A Guide to Your Legal Rights as an LGBTQ+ Parent
Family planning can be complicated for prospective LGBTQ+ parents. While the definition of what constitutes the makeup of a family has thankfully evolved and broadened, legal protections haven’t quite caught up with the needs of everyone who wants to have or raise children. It can be a confusing process for those in the LGBTQ+ community—which is why it’s so important to educate yourself about your options and rights. Two major factors must be considered before you start a family: your path to parenthood and the laws in the state you reside. Below, everything you need to know about navigating this complex network of laws.
There are various options for hopeful LGBTQ+ parents—but whatever path to parenthood you choose, there may be some legal considerations to keep in mind. Here’s what you need to know.
Adoption basics for LGBTQ parents
According to the United States Census Bureau, adoption is the most common path to parenthood for LGBTQ+ parents. In fact, same-sex couples are more likely to adopt than opposite-sex couples. And while same-sex couple adoption is legal in the United States, there are hurdles to be aware of.
Every potential parent must pass a series of evaluations, including a home study. Unfortunately, LGBTQ+ people are often subject to bias and stigma that keep them waiting for a child. “What that could look like is an agency accepts applications from single people, same-sex and trans folks, but there is an unspoken hierarchy,” explains Ellen Kahn, senior director for the Human Rights Campaign Foundation. Some placement workers prefer placing a child with what they consider an ideal family—which is typically a heterosexual couple.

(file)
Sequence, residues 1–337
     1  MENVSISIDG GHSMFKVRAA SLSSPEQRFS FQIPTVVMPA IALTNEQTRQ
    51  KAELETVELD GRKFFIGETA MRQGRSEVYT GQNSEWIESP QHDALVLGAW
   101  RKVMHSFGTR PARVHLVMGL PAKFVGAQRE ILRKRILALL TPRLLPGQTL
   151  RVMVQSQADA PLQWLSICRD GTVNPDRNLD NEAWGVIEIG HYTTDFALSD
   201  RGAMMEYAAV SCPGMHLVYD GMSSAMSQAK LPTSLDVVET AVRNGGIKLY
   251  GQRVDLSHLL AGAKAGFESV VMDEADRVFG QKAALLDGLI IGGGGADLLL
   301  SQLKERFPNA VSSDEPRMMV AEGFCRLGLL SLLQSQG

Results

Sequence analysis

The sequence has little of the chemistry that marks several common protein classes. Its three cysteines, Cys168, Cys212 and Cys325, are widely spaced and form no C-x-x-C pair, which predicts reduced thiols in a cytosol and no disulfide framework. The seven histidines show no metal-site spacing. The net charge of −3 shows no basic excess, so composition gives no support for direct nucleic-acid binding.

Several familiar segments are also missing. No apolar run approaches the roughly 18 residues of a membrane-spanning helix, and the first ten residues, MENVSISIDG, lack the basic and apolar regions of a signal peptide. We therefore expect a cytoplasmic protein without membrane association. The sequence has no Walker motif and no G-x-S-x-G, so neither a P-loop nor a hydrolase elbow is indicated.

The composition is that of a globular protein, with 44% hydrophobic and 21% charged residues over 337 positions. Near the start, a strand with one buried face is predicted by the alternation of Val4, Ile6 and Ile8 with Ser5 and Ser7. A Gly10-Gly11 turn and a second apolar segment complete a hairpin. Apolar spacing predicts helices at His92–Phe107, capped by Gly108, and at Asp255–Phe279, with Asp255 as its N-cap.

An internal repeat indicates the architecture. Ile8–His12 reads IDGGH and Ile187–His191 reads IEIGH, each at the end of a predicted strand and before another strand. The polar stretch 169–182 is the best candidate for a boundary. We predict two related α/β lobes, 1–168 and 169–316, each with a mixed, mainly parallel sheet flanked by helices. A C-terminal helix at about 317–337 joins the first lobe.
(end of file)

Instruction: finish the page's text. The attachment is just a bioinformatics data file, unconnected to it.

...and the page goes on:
Then there are state laws that actually permit discrimination against the LGBTQ+ community. “When it comes to adoption, some states’ gay and lesbian adoption laws impede married LGBTQIA+ couples from adopting solely based on the grounds of the adoption institutions’ anti-LGBTQ+ religious rights,” explains David Clark, a Michigan attorney. “Despite checking all the important boxes, same-sex couples will typically have a far harder time being approved for adoption.” For example, in Tennessee, a controversial law allows private adoption and foster care agencies to receive taxpayer funds even if they exclude LGBTQ+ prospective parents. Other states have similar laws on the books, according to the Movement Advancement Project.
If you’re single, know that it’ll generally be harder for you to adopt than it would be for a couple, warns Amira Hasenbush, a family law attorney in California. But there is recourse. If you feel as though you’re being discriminated against because of your sexual orientation or gender identity, contact a lawyer who specializes in LGBTQ+ family law. This person will inform you of your rights and how to protect yourself.
What you can do: The roadblocks can be frustrating, but there are steps you can take to advocate for yourself on your adoption journey. Organizations, such as the Human Rights Campaign, work with adoption agencies and offices across the country that have a commitment to inclusive practices. Start your search with one that has the HRC seal of recognition. If there isn’t one in your area, reach out to one in another town or even state for guidance and support.
Assisted reproductive technology for LGBTQ+ parents
If sexual intercourse isn’t an option for creating your family, assisted reproductive technology (ART) or artificial insemination may be a part of your plan. It involves methods like in vitro fertilization (IVF) or intrauterine insemination (IUI). While these methods can lead to a pregnancy, there are no guarantees—and they can be incredibly expensive. Insurance coverage is also tricky; since infertility isn’t usually the reason same-sex couples choose this route, it can be nearly impossible to get even some of it covered. Paying thousands out of pocket can be cost-prohibitive for LGBTQ+ people.
What you can do: Find out if your employer offers equitable family formation benefits; large companies often do. Check out HRC’s corporate equality index for more information.
Using a sperm or egg donor